From the early beginnings of wineskin containers made with animal bladders cured with wax, humans have found ways to transport their liquids, including alcohol. In comparison, wineskin is a distant flask relative, but more recent predecessors of modern flasks actually transported gunpowder. The evolution of the whiskey flask is filled with innovative designs created with many different materials.

A flask filled with gunpowder

Gunpowder was a necessary part of everyday life, and it was carried in powder horns, usually made from metal, stag horn, or even leather. The powder horn had a narrow opening for adding gunpowder directly into a rifle barrel. The smaller opening also made pouring liquor directly into your mouth easier.

While soldiers may have been the first to understand that the powder horn can transport their favorite liquor, everyday civilians, including farmers began carrying liquor in a re-imagined powder horn.

The pocket flask

In the 17th century, pockets began appearing on various garments. Having pockets brought on a surge in demand for a “pocket flask.” Depending on the process, these were often manufactured with the wealthy in mind and made of adorned metals, possibly including glass. While pocket flasks made of precious metal and adorned with jewels were for the ruling class, the trend of plain metal flasks began seeing use in Europe and the American colonies by people regardless of social standing.

In the early 1800s, glass manufacturing grew, and glass flasks began appearing. Often, they included patriotic or political statements or advertisements. These were extremely popular around the Civil War, with flags or eagles as symbols of patriotic fervor.


During prohibition, the flask was a standard item for anyone trying to hide their liquor from the authorities. There are countless examples of hiding flasks filled with their favorite liquor in many interesting ways.

Today you can purchase flasks made out of metal, glass, and plastic with decorative features. One company specializes in copper flasks, while another will sell 24-carat gold flasks. The evolution of the whiskey flask is a look through history.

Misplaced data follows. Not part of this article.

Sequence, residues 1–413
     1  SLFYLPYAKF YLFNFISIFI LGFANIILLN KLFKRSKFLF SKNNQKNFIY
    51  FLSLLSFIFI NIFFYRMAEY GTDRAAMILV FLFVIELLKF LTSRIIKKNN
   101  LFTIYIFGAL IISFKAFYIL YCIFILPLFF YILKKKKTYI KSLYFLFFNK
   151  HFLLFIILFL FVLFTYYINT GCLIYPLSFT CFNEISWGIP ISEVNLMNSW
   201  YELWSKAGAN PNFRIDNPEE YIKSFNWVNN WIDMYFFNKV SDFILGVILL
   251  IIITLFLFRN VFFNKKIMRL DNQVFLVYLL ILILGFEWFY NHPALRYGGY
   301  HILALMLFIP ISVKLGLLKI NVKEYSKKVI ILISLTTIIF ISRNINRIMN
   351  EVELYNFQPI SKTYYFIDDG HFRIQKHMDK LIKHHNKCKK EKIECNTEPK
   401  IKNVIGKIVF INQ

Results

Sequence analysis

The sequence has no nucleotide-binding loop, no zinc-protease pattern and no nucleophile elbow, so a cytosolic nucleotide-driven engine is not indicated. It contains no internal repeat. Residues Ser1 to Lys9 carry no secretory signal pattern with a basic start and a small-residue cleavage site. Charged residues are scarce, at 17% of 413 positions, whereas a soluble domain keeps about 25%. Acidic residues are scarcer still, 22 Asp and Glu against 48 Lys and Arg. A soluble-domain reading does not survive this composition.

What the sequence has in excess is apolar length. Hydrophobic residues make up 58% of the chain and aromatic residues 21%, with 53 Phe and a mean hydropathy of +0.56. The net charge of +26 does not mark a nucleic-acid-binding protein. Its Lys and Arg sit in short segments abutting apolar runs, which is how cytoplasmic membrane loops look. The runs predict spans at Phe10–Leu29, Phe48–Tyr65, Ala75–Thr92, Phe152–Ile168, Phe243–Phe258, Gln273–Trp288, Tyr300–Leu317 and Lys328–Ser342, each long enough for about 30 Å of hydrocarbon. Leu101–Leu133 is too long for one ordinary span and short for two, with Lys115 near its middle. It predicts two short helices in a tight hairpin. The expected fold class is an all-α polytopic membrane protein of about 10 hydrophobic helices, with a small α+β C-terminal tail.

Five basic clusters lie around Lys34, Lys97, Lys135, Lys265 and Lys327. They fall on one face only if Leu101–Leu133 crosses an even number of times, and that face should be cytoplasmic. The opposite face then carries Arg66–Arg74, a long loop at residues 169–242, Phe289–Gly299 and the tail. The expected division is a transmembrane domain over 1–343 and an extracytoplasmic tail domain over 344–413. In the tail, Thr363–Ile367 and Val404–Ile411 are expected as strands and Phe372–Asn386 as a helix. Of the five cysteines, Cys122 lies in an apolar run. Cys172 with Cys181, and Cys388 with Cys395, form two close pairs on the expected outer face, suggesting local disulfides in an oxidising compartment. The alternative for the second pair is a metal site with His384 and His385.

My new favorite flask

Recently in Kentucky, I was offered a pour from a unique glass flask adorned with a sleek silicone sleeve. I had never seen a flask like this and asked to see it. It was a flask created by Ragproper, and they sell a unique collection of cool and, most importantly, very functional flasks. I contacted the company, and they sent me a sample of a two-flask set called the Double Shot that includes the following:

A 100mL Break Resistant Glass Flask with Bayside Red Silicone Sleeve

A 240mL Break Resistant Glass Flask with Bayside Red Silicone Sleeve

2 Stainless Steel Cork-lined Lids

2 Sneaky Plastic Cork-lined Lids

2 Smooth Pour Funnels

4 Silicone lid liners (replacement for cork lid liners)

Ragproper flasks

These innovative designs include a glass window so you can always know how much you have left to sample. The silicone sleeves come in multiple colors and are removable and hand washable. If you have ever filled a flask with a standard funnel, you will appreciate the Ragproper smooth pour funnels included in the set. You should note that using the sneaky plastic cork-lined lids leaves no metal traces on your flask. I strongly recommend their products because I use them. Full disclosure the set featured here was provided to me by the company.

Listed below is a link for you to review Ragproper flasks. I do earn a small commission on any purchases made through this link.

Ragproper Double Shot set